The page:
United States District Court, W.D. Arkansas, Hot Springs Division
REPORT AND RECOMMENDATION OF THE UNITED STATES MAGISTRATE JUDGE
BARRY A. BRYANT, Magistrate Judge.
Pending now before the Court is Plaintiff's Motion for Attorney Fees Pursuant to 42 U.S.C. § 406(b). ECF No. 24. This Motion and the supporting documentation were filed on January 23, 2015. Id. On January 30, 2015, Defendant responded to Plaintiff's Motion and had no objections. ECF No. 26.
Pursuant to the provisions of 28 U.S.C. § 636(b)(1) and (3) (2009), the Honorable Robert T. Dawson referred this case to this Court for the purpose of making a report and recommendation. In accordance with that referral, and after reviewing the arguments of counsel, this Court recommends Plaintiff's Motion be GRANTED.
On May 10, 2011, Plaintiff appealed to the Court from the Commissioner of the Social Security Administration's ("SSA") denial of her request for disability benefits. ECF No. 1. On May 29, 2012, Plaintiff's case was remanded to the SSA for further consideration pursuant to sentence four of 42 U.S.C. § 405(g) (2006). ECF No. 17. On November 20, 2012, Plaintiff was awarded disability benefits by the SSA. ECF No. 24-4. Based upon the award letter and the representations made by Plaintiff's attorney, Plaintiff's past-due benefits total approximately $73, 794.00. ECF No. 24-5, 24-6, 24-7.
Of that amount, Plaintiff requests $12, 448.50 be awarded in attorney's fees. ECF No. 24. This amount totals 25 percent of the past-due benefits awarded to Plaintiff after a reduction of $6, 000.00 for work performed at the administrative level. Id. Based upon this Motion, Plaintiff's attorney seeks this amount for 44.30 hours of work devoted to the representation of Plaintiff before the district court. ECF Nos. 24-1. Plaintiff's attorney has also filed his contingency fee agreement with Plaintiff reflecting their agreement that he receive a 25 percent contingency fee if Plaintiff is awarded benefits after an appeal to the district court. ECF No. 24-3. Defendant has responded to this Motion and does not oppose this request for fees. ECF No. 26.
2. Applicable Law:
Pursuant to 42 U.S.C. § 406(b)(1)(A), whenever a court renders a judgment favorable to a claimant, that court is permitted to determine and to allow as part of its judgment a reasonable fee for the representation of the claimant before the court. This fee must not be in excess of 25 percent of the total past-due DIB to which the claimant is entitled by reason of such judgment, and this fee may be taken out of the amount of the Plaintiff's past-due DIB. See id. However, a court is not authorized to award attorney's fees out of a claimant's past-due SSI. See id.; Bowen v. Galbreath, 485 U.S. 74, 78 (1988) (holding that a court is not authorized to award past-due SSI benefits as attorney's fees under Section 406(b)).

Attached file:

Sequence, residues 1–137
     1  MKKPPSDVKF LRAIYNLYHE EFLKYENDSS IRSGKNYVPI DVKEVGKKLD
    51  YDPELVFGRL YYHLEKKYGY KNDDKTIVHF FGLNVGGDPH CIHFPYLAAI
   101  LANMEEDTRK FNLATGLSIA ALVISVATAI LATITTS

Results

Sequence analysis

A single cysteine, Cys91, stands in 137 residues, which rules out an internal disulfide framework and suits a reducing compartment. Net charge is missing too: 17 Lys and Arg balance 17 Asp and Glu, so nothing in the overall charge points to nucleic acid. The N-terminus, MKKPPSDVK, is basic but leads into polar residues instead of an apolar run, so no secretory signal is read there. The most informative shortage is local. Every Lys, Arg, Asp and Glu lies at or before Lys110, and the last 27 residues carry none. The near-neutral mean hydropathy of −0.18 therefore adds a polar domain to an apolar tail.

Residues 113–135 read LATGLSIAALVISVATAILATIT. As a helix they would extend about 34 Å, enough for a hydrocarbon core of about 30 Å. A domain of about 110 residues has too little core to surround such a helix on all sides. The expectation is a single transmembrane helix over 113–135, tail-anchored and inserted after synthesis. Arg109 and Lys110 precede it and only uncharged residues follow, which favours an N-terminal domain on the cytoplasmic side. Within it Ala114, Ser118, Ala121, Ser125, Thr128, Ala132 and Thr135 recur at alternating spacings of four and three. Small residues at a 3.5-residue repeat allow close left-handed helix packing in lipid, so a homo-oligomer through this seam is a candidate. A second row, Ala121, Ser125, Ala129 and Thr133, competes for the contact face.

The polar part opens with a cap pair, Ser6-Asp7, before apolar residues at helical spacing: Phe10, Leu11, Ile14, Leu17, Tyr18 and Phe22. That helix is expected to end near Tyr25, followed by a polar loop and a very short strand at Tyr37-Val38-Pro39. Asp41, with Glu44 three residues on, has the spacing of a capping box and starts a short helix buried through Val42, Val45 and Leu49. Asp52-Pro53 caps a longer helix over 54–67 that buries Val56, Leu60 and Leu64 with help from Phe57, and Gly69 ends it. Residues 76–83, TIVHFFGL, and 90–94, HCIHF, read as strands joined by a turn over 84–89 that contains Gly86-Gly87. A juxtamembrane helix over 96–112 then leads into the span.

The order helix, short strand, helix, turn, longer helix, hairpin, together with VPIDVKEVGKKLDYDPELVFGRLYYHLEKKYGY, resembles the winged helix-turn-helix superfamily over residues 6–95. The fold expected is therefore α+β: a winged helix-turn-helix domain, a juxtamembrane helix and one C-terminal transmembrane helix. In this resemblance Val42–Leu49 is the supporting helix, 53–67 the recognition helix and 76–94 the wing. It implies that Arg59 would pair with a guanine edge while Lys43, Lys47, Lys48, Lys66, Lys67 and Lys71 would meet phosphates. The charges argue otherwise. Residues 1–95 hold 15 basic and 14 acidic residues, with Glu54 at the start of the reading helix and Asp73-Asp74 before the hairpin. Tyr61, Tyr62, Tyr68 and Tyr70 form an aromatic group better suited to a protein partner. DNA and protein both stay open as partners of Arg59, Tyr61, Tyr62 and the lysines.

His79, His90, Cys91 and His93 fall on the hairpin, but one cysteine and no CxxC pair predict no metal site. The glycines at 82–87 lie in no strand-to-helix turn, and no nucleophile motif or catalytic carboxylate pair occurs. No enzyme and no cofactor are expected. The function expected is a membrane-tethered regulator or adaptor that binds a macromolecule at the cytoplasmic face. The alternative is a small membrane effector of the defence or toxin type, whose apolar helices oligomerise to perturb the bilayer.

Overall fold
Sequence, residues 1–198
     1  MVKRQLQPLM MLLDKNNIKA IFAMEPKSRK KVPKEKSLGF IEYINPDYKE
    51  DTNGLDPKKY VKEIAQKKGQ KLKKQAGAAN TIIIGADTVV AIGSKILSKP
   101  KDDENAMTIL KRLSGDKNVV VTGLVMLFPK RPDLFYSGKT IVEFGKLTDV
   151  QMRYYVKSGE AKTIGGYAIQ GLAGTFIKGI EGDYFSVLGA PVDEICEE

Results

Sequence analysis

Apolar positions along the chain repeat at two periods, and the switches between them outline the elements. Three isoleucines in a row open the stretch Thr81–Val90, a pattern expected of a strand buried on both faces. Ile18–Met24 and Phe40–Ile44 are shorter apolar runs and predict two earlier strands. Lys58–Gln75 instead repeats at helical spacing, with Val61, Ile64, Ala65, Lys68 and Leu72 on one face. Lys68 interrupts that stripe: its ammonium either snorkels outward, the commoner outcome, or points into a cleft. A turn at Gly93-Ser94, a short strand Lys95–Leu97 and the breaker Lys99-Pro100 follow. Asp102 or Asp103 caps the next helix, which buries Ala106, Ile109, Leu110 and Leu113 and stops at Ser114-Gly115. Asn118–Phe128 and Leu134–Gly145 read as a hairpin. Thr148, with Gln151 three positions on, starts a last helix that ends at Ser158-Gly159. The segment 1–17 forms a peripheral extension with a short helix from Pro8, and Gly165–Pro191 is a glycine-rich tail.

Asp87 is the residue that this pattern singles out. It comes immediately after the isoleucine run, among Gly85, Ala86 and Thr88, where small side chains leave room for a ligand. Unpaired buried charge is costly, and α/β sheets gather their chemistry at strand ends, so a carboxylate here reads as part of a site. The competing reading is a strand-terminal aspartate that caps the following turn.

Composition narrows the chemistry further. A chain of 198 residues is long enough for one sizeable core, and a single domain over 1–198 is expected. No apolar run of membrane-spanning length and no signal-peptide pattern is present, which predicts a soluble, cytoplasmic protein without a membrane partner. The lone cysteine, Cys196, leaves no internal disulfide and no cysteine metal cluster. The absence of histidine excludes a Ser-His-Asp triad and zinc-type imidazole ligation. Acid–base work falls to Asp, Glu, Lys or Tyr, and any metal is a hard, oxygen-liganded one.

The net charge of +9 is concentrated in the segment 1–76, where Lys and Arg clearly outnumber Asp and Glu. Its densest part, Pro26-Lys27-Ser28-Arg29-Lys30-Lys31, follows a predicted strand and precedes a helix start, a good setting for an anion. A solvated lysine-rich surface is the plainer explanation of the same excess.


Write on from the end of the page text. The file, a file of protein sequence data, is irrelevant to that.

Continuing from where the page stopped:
Furthermore, a court is not authorized to approve a fee for time spent in the representation of the Plaintiff at the agency level. See 42 U.S.C. § 406(b)(1). It is the Commissioner's responsibility to award the fees for any representation before an agency and such fees are not awarded by the courts. See Pittman v. Sullivan, 911 F.2d 42, 46 (8th Cir. 1990) (holding that "the matter of attorney's fees for services performed at the administrative level is committed by § 406(b)(1) to the responsibility of the Secretary exclusively and such fees may not be awarded by the courts"). Instead, a plaintiff's attorney must petition the agency for these fees. See 42 U.S.C. § 406(a).
In determining the reasonableness of a requested fee, the Eighth Circuit previously determined that the "lodestar" approach should be applied. See Cotter v. Bowen, 879 F.2d 359, 363 (8th Cir. 1989), abrogated by Gisbrecht v. Barnhart, 535 U.S. 789 (2002). The lodstar approach for fee setting states that a reasonable fee is obtained by multiplying the number of hours reasonably worked on a case by a reasonable hourly rate. Id. The United States Supreme Court has, however, abrogated Cotter and held that the lodestar approach should not be used as the standard for calculating reasonable attorney's fees. See Gisbrecht v. Barnhart, 535 U.S. 789, 793 (2002).
Instead, the United States Supreme Court held Section 406(b) instructs courts to use attorney-client contingency fee agreements to determine the fees to be awarded. Id. at 808. Courts should utilize these agreements in awarding fees because the court should not "override customary attorney-client contingent-fee agreements." Id. The court is, however, required to review the reasonableness of fees yielded by a contingency fee agreement when awarding fees under Section 406(b). Id. (holding that "§ 406(b) instructs courts to review for reasonableness fees yielded by those [contingency-fee] agreements").
Based upon his motion, Plaintiff's attorney spent 44.30 hours of work devoted to the representation of Plaintiff before the district court. ECF Nos. 24-1. Plaintiff's attorney requests $12, 448.50 in attorney's fees. ECF No. 24. Pursuant to the contingency fee agreement, Plaintiff's attorney is entitled to 25 percent of past-due benefits or $18, 448.50. After a reduction for work performed at the administrative level which totaled $6, 000.00, this amount is actually only $12, 448.50.
The total request of $12, 448.50 divided by the total number of hours requested of 44.30 for work performed before the district court equals an hourly rate of approximately $281.00. Based upon the experience of Plaintiff's attorney and the contingency fee agreement between Plaintiff and her attorney, this Court finds $281.00 is a reasonable hourly rate. See Gisbrecht, 535 ...